When rent's due in Wine Country and you're laid off and broke due to coronavirus
For Aaron Smith, the phone call came March 19, four days after Gov. Gavin Newsom had called for the closure of every winery tasting room in California to slow the spread of the coronavirus. Smith, who worked in the tasting room at Tank Garage Winery in Calistoga, was officially laid off.
“You always know when three of your bosses are on the phone at 9 a.m. what the situation really is,” the Cloverdale resident said.
Smith had expected the news after Newsom’s order, and he understands the reasons behind his severance. But that doesn’t lessen the blow for him, or any of the thousands of people in Sonoma County who have recently been laid off or furloughed.
All over the region, nail salon workers, hotel cleaning crews, bartenders, gym employees and many others working in the retail and service industries suddenly find themselves without an income. Mass layoffs have overwhelmed the state agency that provides unemployment benefits, leading to frustration for many seeking help.
Living in Wine Country has never been easy on the pocketbook. Now, with no job prospects in sight and no clear idea of when businesses might be able to reopen, the margin has become much narrower.
“Next month’s gonna be tight,” Smith said, “and it’s coming quick.”
Community Action Partnership, which works with low-income Sonoma County residents on a number of fronts, has been swamped with requests for assistance. More than 200 people called seeking financial aid over a three-day period last weekend, said Kathy Kane, the nonprofit’s assistant director.
CAP’s clients, Kane said, “generally don’t have any kind of safety net or savings. They’re living paycheck to paycheck, so any kind of interruption puts them at high risk of losing everything.”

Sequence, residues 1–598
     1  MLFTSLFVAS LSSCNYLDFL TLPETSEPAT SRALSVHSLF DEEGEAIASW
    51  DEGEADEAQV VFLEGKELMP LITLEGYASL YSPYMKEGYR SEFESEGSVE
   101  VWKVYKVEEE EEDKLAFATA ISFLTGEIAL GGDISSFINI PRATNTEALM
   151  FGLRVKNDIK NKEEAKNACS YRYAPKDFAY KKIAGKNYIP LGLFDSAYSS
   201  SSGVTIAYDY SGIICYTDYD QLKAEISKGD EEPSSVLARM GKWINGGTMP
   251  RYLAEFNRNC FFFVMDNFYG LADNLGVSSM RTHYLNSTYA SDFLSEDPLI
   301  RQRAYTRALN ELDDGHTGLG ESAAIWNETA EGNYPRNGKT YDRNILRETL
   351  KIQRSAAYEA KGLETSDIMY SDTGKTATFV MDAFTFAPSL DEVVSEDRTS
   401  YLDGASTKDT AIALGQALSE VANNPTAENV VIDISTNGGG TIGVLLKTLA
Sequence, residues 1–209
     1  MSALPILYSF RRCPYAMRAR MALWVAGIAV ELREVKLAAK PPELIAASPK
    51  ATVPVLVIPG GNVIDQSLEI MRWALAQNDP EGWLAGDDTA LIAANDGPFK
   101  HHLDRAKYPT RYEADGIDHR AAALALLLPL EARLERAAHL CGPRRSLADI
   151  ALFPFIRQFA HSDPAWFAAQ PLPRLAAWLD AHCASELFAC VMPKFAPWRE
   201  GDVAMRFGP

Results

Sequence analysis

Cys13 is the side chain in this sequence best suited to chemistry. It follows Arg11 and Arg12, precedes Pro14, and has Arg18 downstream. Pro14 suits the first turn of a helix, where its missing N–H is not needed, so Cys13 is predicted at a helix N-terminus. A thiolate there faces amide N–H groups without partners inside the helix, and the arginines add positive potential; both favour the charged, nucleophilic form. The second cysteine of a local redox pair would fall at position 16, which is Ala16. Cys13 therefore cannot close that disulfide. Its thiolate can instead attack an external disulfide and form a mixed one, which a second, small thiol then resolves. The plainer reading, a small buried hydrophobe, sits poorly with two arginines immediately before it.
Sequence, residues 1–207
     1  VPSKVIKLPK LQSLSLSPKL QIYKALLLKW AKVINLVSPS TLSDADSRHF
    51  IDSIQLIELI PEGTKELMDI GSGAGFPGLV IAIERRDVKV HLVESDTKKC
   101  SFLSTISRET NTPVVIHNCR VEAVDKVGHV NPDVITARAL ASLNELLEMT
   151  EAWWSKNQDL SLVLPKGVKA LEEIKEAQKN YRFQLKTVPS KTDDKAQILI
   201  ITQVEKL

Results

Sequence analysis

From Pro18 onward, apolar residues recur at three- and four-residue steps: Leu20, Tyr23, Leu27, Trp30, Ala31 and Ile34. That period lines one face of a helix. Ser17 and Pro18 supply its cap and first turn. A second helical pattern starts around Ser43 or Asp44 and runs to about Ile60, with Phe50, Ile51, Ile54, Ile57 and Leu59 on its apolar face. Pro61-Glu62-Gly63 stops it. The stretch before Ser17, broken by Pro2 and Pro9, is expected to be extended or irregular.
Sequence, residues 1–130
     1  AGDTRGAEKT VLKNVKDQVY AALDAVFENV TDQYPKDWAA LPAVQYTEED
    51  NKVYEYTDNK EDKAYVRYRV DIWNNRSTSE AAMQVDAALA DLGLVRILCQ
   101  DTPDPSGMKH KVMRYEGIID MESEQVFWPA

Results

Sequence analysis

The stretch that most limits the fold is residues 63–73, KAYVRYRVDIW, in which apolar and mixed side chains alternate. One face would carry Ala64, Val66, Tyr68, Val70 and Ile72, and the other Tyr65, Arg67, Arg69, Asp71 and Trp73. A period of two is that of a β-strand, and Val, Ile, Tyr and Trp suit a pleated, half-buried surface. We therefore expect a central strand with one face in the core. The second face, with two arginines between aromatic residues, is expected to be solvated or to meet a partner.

Groceries on credit card
For some, the timing of the layoffs was especially cruel. Noelle and Curtis McCoy, who have sons aged 4 and 1, have been through hard economic times. By December, when they moved into a rented townhouse in Santa Rosa, they had finally gotten their heads above water. But in mid March, both were laid off from jobs at Rosso Pizzeria and Wine Bar - she was a server, he a line cook - and they are hurting again.
“We have a new landlord, then all of a sudden I’m this tenant who can’t make rent,” Noelle McCoy, 29, said.
Everyone is making accommodations. The McCoys are trying to work with their landlord to postpone rent payments; they have little beyond money for groceries right now. Smith, whose partner has been furloughed from her job as a glass blower, knows the end of the rope will come for him, too.
“There’s not a lot left in the kitty,” he said. “We’re using credit cards and stuff. But you can’t just keep buying groceries on credit card forever.”
At least Smith thought he’d be eligible for an unemployment claim. That brought its own headaches.
Before moving to California last summer, Smith was a sommelier at a high-end restaurant in Florida for 13 years. Because he had worked out of state within the past 18 months, he had to download, print and fax a supplemental form to the California Employment Development Department, which administers unemployment insurance in this state. He found a UPS store in Cloverdale and faxed the information. Then he waited. And waited. He wasn’t sure the EDD had even received his paperwork.
Smith, 40, found it impossible to get a live representative on the phone. Every time he called, a recorded voice instructed him to apply online, then hung up. He went so far as to email his local legislator, state Sen. Mike McGuire, whose staff suggested Smith apply for unemployment online.
Last Wednesday, 17 days after he had filed online, the EDD informed Smith it was processing his claim. Finally, the wheels appeared to be turning.
But five days later, on Monday, he received a letter from the department showing $0.00 in earned wages in 2018-19. His girlfriend received an identical notice.
They don’t know if it’s a minor complication or glitch, because the couple still can’t reach a representative.
“Yeah, it’s every dystopian sci-fi fantasy I’ve ever read,” Smith said. “It’s like they took every aspect of all those and combined them into one terrible story.”
Their story is not unusual.
“We’re definitely hearing it’s hard to reach somebody,” Kane said. “Maybe the passwords they’ve been given don’t work. Then if you add on to that anybody for who English is not their primary language, that can also create barriers to accessing assistance.”
Loree Levy, the EDD’s deputy director of public affairs, said her department is working overtime to sort through unemployment claims.